• Siemens eMobility announced “it will locate its second U.S. manufacturing hub for EV charging operations in Carrollton, Texas. The company is continuing its investment for manufacturing in America by retrofitting the 80,000 square-foot Carrollton plant, which will allow the company to ramp up quickly to meet significant EV market and customer demand. With this new site, Siemens is … creating 100 new jobs at the facility and across the regional supply chain and expects the plant to be fully operational by mid-2023. The facility will serve as the manufacturing site for Siemens’ new VersiCharge Blue, a Buy American-compliant Level 2 AC charger specifically designed for the U.S. market and compatible for all use cases, including workspaces, hospitals, airports, campuses, parking garages and lots.”
  • InsideEVs reports: Last October, “electric vehicle charging equipment supplier, Wallbox, officially opened its first North American manufacturing facility in Arlington, Texas. The state-of-the-art 130,000 sq.ft. factory will manufacture the company’s full line of charging equipment in the U.S. The $70 million investment by Wallbox is expected to produce 250,000 units and bring more than 250 jobs to the Arlington area by 2025. By 2030, the company expects the facility to be manufacturing more than one million chargers and employ approximately 700 workers.”


  • WTVM reports: “ADS-TEC Energy will invest $8 million in a sales, warehousing, service and assembly facility in the Auburn area [its first North American plant]. … Along with the creation of the new facility, approximately 180 jobs will be created. ‘We’re excited to welcome yet another high-tech German company to Alabama,’ Governor Kay Ivey said. … The company chose Auburn because of its proximity to Auburn University’s acclaimed engineering program. ADS-TEC said it will allow the company to identify and nurture talented students and graduates. … ADS-TEC expects the new facility to be fully operational by 2024.”
  • Last November, the U.S. Department of Energy announced a $4 million award to the University of Alabama to support a research partnership between the school and private sector utility and EV manufacturing companies to “develop and demonstrate an economically viable end-of-life advanced lithium-ion battery (LIB) system to enable second uses for batteries in stationary electric vehicle (EV) charging stations.” In addition to boosting EV charging capacity, the project aims to “[reduce] power grid demands, [provide] environmental benefits, and [serve] as a backup power source for EV charging when grid power is not available.”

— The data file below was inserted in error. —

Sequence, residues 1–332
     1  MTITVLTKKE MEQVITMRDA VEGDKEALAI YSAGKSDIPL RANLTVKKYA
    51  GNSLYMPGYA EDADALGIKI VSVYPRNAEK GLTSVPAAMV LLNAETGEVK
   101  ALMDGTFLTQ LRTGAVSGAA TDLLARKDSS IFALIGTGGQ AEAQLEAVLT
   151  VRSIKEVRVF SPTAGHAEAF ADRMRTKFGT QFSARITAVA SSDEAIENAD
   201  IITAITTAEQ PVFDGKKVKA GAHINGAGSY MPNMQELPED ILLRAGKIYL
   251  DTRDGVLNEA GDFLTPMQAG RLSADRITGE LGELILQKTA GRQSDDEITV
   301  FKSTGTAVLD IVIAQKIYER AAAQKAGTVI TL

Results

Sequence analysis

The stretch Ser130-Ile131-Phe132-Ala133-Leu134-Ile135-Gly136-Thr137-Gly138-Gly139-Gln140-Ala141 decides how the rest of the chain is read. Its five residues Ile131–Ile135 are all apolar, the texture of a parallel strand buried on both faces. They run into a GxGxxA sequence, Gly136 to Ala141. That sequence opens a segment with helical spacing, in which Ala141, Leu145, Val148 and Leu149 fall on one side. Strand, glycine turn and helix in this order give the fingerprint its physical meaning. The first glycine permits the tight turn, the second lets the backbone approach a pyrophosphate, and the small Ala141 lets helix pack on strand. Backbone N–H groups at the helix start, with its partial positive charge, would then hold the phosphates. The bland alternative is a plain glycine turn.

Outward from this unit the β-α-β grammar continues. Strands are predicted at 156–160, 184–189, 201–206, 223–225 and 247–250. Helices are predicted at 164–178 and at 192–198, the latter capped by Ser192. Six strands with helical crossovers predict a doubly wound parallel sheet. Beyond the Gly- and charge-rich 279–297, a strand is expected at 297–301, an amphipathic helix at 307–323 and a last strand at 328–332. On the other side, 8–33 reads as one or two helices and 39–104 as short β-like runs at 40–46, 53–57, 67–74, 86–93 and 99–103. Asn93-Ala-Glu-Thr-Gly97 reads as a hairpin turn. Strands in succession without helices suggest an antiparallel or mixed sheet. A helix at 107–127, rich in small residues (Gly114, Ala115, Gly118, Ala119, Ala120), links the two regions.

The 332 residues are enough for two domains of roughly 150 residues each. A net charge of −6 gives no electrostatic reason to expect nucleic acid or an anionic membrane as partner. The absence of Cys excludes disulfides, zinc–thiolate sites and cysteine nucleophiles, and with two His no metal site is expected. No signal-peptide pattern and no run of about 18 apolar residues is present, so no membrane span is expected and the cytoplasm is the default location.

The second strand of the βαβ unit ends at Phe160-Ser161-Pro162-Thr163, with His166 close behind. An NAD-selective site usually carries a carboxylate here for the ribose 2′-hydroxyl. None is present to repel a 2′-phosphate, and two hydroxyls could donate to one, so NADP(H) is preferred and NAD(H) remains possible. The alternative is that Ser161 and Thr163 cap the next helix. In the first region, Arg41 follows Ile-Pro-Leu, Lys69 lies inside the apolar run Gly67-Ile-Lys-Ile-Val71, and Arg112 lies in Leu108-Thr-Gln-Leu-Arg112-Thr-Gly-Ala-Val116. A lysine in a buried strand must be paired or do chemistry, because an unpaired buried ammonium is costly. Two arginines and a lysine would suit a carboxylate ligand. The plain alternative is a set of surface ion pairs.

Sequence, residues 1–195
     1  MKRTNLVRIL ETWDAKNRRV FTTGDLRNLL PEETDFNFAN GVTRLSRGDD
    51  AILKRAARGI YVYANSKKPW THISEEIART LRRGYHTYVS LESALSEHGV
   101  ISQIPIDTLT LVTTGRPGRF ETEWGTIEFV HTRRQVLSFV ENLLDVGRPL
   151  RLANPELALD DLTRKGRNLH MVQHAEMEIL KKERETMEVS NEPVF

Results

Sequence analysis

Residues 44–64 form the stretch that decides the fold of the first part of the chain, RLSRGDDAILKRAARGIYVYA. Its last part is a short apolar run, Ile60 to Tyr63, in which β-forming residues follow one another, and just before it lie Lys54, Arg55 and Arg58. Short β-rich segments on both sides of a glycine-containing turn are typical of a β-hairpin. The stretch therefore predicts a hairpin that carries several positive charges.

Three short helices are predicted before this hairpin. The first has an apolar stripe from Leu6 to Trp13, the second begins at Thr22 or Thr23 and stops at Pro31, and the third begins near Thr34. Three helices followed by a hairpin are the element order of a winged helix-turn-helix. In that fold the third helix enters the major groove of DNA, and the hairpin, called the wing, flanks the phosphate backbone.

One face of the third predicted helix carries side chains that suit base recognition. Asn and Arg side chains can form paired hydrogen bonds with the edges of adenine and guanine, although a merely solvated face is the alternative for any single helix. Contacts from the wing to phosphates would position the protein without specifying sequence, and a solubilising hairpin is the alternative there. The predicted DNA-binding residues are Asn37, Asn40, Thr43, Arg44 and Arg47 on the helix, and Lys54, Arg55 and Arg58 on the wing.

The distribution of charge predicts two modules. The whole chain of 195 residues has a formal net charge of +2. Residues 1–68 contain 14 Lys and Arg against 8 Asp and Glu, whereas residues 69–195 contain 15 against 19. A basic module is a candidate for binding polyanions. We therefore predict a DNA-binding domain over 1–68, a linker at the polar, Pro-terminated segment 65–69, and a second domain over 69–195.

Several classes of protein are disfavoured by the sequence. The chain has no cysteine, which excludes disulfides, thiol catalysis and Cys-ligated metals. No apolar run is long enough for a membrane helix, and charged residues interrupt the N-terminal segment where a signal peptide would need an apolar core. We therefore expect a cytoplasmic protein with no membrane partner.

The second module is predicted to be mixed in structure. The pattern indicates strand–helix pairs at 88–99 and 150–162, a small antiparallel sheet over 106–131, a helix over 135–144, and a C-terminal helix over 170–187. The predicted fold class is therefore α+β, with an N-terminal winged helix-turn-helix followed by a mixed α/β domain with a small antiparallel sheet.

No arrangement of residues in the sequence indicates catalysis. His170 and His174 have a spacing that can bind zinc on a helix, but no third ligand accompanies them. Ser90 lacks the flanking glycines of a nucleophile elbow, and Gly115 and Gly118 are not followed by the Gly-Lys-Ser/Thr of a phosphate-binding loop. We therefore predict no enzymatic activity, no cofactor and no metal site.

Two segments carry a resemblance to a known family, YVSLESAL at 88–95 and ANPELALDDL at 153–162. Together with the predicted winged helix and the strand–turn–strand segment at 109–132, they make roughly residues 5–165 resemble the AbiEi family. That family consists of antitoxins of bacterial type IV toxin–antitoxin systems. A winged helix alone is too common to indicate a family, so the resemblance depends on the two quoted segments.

• According to The EV Report: “EdgeEnergy, a leading provider of power conversion equipment for electric vehicle (EV) fast charging solutions, has announced a $150 million investment in Ohio … to expand manufacturing and grow their company. … EdgeEnergy is working with community and industry partners like Blink Charging to develop a job training program, available online and in-person at their Cincinnati facility, focused on technical training for the maintenance of charging stations.” A White House fact sheet notes the expansion will bring “60 new manufacturing and engineering jobs over the next 24 months.”

South Carolina

  • Last September, ABB E-mobility announced “the continued expansion of its global and US manufacturing footprint with new manufacturing operations in Columbia, South Carolina. The multi-million dollar investment will increase production of electric vehicle chargers, including Buy America Act compliant ones, and create over 100 jobs. The new facility will be capable of producing up to 10,000 chargers per year, ranging from 20kW to 180kW in power, which are ideally suited for public charging, school buses, and fleets. … In addition to the South Carolina facility, ABB E-mobility announced in July 2022 the launch of a training center in Sugar Land, Texas and an R&D facility in Southern California.”


  • The Tennessean reports: “Tritium, a global company that makes DC fast chargers for electric vehicles, has announced plans to add 250 jobs this year at its Lebanon facility on top of the 500 jobs previously announced at the plant. Tritium opened last year in the former Toshiba space at Baird Industrial Park on Toshiba Drive. The company has said the Lebanon facility will eventually produce up to 30,000 fast-charging units per year.” Tritium is partnering with “ChargerHelp!, the only national operations and maintenance service provider dedicated to EV supply equipment … to host the first All-Woman EV Charging Technician Course.” The Environmental and Energy Study Institute notes, “A 2021 diversity report by the National Association of State Energy Officials found that women represent 47 percent of the national workforce, but only 25 percent of the energy workforce”—making these targeted outreach and education programs crucial to ensure EV charging manufacturers such as Tritium are able to fulfill their staffing needs and retain talent with equitable and inclusive workplaces.